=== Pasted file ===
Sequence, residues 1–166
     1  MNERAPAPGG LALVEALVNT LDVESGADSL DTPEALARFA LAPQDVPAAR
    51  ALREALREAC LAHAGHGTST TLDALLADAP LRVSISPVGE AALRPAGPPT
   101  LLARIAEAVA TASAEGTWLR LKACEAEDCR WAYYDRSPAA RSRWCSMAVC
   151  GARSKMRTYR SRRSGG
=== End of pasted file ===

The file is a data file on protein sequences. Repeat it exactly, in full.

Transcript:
Sequence, residues 1–166
     1  MNERAPAPGG LALVEALVNT LDVESGADSL DTPEALARFA LAPQDVPAAR
    51  ALREALREAC LAHAGHGTST TLDALLADAP LRVSISPVGE AALRPAGPPT
   101  LLARIAEAVA TASAEGTWLR LKACEAEDCR WAYYDRSPAA RSRWCSMAVC
   151  GARSKMRTYR SRRSGG